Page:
How the Human Body Processes Alcohol
Everything that people eat or drink needs to be processed in some manner by their bodies. Alcohol is no exception. The way the human body metabolizes alcohol is the same in each person, but there are some factors that can affect the rate at which it happens in different people. Understanding how the body processes alcohol is helpful for people in making decision that will avoid being stopped or arrested for DUI/DWI.
Once alcohol enters the body and goes into the stomach, the body begins to process it with an enzyme called alcohol dehydrogenase (ADH). ADH begins to break the alcohol down into acetaldehyde, which the body then turns into acetate.
However, the ADH in the stomach cannot process all the alcohol a person ingests, and the unprocessed alcohol flows through the walls of the stomach and small intestine and into the bloodstream where it is eventually processed through the liver. The liver then begins to break the alcohol down with an enzyme very similar to the ADH in the stomach. A coenzyme called nicotinamide adenine dinucleotide (NAD) then converts the components into energy. NAD is the same coenzyme that processes glucose into energy for the body, so while the body is attempting to metabolize alcohol, the body will not convert glucose.
The alcohol that the liver cannot process immediately flows through the blood into the heart, reducing the force with which the heart muscle contracts and lowering blood pressure. It also expands blood vessels, causing warm blood from the center of the body to rise to the surface. As a result, many people get flushed skin after drinking alcohol.
The alcohol also flows into the blood vessels in the lungs, which causes people to exhale alcohol. Alcohol in the bloodstream thereafter flows to the brain, where it slows the transmissions between nerve cells, causing the signs and symptoms of alcohol consumption that we are familiar with.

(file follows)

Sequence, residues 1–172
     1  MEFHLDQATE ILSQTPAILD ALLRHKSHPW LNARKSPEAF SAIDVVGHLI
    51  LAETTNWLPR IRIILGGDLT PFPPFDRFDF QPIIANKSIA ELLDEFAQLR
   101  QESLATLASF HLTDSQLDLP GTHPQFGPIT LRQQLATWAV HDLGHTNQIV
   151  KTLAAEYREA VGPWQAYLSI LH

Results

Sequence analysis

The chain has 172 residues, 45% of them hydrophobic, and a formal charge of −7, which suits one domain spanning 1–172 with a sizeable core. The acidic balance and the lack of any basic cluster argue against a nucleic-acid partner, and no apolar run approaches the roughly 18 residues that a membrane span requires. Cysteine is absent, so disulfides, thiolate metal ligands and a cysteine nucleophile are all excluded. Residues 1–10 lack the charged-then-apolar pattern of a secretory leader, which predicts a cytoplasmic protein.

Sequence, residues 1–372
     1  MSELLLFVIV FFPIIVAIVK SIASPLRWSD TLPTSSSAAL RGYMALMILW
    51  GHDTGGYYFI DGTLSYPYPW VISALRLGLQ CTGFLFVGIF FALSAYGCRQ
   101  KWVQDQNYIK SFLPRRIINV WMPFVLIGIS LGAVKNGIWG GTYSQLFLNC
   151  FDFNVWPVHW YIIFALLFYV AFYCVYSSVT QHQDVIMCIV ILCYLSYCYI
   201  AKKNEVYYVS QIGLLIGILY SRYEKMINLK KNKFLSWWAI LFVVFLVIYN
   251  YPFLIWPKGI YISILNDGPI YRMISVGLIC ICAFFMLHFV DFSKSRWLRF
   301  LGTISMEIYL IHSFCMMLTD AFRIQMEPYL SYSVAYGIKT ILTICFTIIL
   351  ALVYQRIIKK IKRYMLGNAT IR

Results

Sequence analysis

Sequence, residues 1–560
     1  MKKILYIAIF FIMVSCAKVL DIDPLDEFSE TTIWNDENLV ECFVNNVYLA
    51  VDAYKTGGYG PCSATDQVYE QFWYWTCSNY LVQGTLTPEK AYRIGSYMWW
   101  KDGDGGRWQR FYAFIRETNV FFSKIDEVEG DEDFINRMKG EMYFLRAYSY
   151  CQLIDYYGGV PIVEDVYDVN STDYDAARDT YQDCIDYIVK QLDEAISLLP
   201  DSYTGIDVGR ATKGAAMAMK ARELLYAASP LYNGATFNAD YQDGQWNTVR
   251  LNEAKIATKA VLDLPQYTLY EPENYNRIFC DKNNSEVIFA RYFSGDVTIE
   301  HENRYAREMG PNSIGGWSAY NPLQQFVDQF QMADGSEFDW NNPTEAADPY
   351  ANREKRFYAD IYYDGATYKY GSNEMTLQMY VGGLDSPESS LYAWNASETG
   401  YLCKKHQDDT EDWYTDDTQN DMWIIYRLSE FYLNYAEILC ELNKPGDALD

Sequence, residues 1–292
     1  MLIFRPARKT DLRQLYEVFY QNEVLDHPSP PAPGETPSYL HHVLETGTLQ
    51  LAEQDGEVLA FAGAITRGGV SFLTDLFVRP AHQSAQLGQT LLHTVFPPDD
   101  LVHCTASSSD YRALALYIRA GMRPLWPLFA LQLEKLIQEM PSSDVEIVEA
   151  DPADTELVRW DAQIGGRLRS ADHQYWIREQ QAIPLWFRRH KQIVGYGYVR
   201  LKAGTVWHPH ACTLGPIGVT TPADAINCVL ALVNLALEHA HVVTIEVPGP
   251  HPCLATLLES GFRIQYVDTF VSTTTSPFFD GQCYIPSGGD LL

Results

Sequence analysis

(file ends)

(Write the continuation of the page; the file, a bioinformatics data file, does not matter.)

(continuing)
The liver can process about one half an ounce of pure alcohol every hour. This rate varies from person to person, however. Some people can have alcohol circulating through their bodies for as long as three hours after having one half ounce of pure alcohol.
Gender and Ethnicity Differences in Alcohol Metabolism
A person’s gender can have an effect on how his or her body handles alcohol. Men tend to have more ADH in their stomachs than women do, so more alcohol flows into women’s bloodstreams than men. As a result, women usually begin to feel the effects of alcohol after having consumed less than men. Since women are generally smaller than men, they also have less water in their bodies, allowing alcohol to absorb into the blood more quickly.
A person’s ethnicity also plays a role in how his or her body processes alcohol. Asians, Native Americans and Inuit also produce less ADH in their stomachs, so more alcohol that goes into their bloodstreams.
Interaction with Food
The presence of food can slow the body’s absorption of alcohol. The body needs to process the food in the stomach before it allows liquids into the small intestine. Studies have shown that people who have eaten meals with carbohydrates, fats and protein absorb alcohol more slowly than those with empty stomachs. The absorption rate slows the higher the fat content in the food.
Drunk-driving repercussions vary from state to state, but undoubtedly some of the harshest DUI penalties are from Arizona. If you are facing DUI charges, contacting an experienced criminal defense attorney is recommended.
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